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USS John S. McCain vs Alnic MC

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USS John S. McCain vs Alnic MC

Old 21st Aug 2017, 07:02
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USS John S. McCain vs Alnic MC

Another day, another US warship collides with a merchant ship.

10 missing, 5 injured.

The collision occured at 6:24 a.m. Japan Standard Time. There is a massive search and rescue underway, involving tug boats out of Singapore and helicopters. An MV-22 Osprey is expected to arrive soon.

President Trump, returning to the White House from his "working vacation," responded to word of the collision by saying, "that's too bad."

10 missing, 5 injured after USS John S. McCain collides with tanker in Pacific | Fox News.

Ten sailors are missing and five injured after the guided-missile destroyer USS John S. McCain collided with a tanker east of Singapore and the Strait of Malacca, the U.S. Navy said late Sunday.

Authorities said four of those injured were medically evacuated by a Singapore navy helicopter. They suffered non-life threatening injuries.

Search and rescue efforts were launched in coordination with local authorities, the Navy said. Initial reports indicated the warship sustained damage to its port side aft, the left rear of the ship.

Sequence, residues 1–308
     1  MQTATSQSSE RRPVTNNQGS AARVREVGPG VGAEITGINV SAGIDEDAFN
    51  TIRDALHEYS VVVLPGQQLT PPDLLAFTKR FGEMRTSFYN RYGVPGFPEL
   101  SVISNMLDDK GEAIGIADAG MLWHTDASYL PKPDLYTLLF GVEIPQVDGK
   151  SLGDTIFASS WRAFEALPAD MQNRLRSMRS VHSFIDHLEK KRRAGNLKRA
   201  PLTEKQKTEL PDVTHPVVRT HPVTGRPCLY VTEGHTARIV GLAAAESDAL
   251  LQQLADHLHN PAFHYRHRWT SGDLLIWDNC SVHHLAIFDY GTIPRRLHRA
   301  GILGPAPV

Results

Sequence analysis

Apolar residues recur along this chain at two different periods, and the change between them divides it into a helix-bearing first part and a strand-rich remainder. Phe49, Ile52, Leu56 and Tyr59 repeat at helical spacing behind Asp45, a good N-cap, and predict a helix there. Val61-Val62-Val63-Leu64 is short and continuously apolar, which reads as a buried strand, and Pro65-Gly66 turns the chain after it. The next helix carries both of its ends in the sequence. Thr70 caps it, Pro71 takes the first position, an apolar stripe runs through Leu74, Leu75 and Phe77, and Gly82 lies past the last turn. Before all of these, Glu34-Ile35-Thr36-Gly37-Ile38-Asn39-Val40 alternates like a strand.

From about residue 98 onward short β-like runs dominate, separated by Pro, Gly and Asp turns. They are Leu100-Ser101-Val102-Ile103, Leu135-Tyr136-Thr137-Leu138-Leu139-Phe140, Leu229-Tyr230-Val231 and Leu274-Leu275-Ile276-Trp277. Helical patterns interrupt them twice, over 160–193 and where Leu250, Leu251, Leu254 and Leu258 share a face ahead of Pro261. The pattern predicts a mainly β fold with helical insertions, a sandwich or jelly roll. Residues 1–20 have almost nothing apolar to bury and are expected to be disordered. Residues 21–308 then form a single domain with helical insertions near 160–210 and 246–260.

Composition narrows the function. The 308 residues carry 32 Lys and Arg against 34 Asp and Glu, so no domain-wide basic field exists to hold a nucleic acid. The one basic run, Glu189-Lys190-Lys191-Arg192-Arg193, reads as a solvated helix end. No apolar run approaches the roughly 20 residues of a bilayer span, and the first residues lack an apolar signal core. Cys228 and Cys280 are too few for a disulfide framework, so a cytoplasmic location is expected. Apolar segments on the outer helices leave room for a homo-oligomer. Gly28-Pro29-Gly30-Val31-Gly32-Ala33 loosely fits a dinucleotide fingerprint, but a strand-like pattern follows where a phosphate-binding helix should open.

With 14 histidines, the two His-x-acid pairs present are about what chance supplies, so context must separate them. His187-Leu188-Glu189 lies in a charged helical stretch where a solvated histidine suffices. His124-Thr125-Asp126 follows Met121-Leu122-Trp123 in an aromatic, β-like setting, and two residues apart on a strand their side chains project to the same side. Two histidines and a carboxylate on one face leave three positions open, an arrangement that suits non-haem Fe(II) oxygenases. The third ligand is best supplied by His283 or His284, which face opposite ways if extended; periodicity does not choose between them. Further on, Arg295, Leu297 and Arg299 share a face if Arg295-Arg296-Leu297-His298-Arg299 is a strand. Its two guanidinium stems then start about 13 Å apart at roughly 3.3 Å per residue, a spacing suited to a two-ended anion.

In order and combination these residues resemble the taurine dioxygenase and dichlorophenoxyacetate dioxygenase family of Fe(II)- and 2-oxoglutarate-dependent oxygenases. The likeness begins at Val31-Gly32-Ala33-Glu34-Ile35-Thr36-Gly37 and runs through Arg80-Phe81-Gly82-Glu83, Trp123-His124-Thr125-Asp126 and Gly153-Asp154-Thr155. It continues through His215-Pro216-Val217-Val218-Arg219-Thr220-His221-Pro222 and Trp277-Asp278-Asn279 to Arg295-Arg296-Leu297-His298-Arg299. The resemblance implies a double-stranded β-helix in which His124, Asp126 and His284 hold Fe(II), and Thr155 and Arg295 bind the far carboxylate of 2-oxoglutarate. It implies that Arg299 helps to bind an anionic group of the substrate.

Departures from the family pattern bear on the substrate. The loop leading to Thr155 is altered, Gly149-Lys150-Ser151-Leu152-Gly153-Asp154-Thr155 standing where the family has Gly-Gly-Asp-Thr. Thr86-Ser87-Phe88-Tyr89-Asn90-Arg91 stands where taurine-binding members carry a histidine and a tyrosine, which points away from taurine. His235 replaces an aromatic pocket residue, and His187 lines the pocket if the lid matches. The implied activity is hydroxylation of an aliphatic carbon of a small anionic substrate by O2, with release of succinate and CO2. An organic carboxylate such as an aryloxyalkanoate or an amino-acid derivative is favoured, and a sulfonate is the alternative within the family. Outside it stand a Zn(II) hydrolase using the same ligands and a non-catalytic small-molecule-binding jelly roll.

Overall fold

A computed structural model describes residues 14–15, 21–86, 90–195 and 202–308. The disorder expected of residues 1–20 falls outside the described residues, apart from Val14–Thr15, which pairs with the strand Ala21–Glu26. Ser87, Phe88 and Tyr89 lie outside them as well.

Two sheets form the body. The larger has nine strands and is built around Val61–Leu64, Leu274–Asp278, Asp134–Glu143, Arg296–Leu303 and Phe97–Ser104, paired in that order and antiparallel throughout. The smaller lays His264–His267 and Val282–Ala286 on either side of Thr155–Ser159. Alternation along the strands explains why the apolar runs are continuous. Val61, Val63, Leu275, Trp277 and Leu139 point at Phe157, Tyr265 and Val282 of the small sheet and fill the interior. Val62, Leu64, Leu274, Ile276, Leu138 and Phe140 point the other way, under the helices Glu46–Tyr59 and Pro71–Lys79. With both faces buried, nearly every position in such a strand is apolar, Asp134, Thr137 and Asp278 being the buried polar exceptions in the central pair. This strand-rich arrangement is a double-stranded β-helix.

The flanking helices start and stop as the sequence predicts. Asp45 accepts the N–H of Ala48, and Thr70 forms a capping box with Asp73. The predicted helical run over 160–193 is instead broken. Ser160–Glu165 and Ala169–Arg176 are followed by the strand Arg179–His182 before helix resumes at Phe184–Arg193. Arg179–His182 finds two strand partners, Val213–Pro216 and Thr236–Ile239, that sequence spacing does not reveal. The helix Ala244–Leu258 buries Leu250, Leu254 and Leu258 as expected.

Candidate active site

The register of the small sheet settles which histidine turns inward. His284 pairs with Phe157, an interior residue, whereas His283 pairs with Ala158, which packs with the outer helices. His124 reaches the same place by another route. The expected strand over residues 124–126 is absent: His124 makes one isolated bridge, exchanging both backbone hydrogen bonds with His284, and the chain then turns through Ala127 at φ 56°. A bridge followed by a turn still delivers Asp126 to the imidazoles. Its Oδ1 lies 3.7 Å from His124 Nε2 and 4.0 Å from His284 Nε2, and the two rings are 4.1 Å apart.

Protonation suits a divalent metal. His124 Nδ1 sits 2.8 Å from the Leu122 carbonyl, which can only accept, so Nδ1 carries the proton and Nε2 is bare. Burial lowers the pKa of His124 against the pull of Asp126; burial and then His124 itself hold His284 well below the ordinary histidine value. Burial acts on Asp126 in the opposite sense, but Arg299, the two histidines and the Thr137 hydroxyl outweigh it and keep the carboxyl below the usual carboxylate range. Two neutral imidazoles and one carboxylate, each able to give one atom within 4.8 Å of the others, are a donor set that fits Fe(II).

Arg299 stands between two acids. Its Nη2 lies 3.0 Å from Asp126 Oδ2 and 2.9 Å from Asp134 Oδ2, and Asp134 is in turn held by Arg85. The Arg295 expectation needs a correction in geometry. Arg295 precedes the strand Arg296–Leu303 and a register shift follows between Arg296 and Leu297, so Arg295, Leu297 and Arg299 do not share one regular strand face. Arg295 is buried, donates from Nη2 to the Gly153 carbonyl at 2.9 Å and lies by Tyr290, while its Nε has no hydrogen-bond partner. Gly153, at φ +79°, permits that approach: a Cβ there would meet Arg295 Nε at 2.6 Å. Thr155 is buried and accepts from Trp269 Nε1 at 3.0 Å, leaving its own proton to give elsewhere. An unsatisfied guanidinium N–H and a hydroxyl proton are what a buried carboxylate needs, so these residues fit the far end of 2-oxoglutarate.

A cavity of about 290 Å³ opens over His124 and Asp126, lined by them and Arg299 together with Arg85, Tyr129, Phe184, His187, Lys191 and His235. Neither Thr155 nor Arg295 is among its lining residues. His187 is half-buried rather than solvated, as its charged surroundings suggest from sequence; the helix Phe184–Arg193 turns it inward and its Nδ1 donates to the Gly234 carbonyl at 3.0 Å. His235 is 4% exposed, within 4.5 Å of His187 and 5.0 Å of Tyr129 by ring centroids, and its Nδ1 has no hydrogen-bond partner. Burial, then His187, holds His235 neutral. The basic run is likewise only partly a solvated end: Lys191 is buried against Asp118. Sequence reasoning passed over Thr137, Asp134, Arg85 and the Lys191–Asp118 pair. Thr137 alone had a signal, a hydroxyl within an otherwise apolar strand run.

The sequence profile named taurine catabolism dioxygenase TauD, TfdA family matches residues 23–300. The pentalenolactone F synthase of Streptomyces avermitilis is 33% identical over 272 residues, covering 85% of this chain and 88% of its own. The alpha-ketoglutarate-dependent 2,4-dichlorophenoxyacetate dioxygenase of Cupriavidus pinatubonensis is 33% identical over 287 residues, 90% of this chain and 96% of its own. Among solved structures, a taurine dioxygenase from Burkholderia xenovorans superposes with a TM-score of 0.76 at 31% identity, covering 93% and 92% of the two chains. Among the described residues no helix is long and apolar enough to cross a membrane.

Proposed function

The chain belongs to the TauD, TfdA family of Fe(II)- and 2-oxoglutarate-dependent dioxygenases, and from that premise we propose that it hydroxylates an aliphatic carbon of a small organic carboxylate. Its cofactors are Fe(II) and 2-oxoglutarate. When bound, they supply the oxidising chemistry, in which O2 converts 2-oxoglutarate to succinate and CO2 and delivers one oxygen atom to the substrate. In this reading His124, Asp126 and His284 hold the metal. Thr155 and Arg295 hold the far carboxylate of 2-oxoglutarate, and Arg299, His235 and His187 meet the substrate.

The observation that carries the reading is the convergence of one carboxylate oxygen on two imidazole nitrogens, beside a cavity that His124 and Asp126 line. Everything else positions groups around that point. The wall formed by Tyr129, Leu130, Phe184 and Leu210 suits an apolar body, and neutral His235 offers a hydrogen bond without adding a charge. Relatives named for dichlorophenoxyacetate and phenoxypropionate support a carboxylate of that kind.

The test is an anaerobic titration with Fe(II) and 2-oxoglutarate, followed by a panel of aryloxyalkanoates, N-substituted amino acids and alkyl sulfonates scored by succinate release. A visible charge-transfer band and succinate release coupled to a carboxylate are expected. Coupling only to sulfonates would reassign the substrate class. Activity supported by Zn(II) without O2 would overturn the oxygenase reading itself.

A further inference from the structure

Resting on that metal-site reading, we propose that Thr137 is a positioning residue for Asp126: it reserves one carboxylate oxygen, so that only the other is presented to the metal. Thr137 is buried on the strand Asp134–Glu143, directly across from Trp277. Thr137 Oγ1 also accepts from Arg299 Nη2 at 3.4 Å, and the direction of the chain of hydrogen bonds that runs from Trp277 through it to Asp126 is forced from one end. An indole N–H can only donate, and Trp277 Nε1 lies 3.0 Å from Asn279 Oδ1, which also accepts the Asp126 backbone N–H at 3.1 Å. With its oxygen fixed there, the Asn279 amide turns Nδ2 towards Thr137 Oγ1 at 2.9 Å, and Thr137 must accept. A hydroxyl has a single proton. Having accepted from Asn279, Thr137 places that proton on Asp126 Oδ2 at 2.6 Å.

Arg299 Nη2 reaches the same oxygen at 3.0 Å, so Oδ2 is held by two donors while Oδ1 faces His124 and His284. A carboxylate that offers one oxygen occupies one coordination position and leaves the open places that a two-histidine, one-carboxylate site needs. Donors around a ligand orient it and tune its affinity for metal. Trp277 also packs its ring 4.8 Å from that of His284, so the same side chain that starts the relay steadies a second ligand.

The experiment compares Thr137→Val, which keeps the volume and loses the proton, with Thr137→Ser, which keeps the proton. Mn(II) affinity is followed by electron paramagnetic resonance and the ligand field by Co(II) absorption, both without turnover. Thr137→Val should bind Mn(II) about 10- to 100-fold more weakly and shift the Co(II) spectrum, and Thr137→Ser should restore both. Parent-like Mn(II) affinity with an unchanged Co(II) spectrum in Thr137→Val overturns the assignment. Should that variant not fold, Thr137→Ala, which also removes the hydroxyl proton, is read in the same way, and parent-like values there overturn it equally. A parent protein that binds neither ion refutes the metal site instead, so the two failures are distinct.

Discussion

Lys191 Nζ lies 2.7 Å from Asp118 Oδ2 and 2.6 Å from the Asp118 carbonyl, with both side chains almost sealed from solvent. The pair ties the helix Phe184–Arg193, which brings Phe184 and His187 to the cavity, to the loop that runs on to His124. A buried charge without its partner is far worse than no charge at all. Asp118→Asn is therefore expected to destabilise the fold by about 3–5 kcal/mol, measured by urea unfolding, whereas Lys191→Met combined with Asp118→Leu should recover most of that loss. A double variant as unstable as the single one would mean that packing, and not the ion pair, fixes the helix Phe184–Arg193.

The collision occured at 6:24 a.m. Japan Standard Time. There is a massive search and rescue underway, involving tug boats out of Singapore and helicopters. An MV-22 Osprey is expected to arrive soon.

President Trump, returning to the White House from his "working vacation," responded to word of the collision by saying, "that's too bad."

The warship is named after John S. McCain, Sr., and John S. McCain, Jr., both Admirals in the U.S. Navy, and the grandfather and father, respectively, of the Arizona senator.

The ship is based at the fleet's homeport of Yokosuka, Japan. It was commissioned in 1994 and has a crew of 23 officers, 24 chief petty officers and 291 enlisted sailors, according to the Navy's website.

The Alnic MC, the merchant vessel USS John S. McCain collided with, is a 600-foot oil and chemical tanker.

This crash came days after the top three leaders aboard the USS Fitzgerald were relieved of command. That warship was damaged badly in a collision off the coast of Japan that killed seven sailors in June. One of its compartments flooded in about 90 seconds.

The USS John S. McCain sailed by contested man-made islands in the South China Sea earlier this month, drawing China's "strong dissatisfaction."

Sen. McCain tweeted Sunday night he and his wife, Cindy, were keeping the sailors in their prayers. He'd recently visited the warship in Vietnam.

This marked the fourth mishap for U.S. Navy ships in the Pacific since February.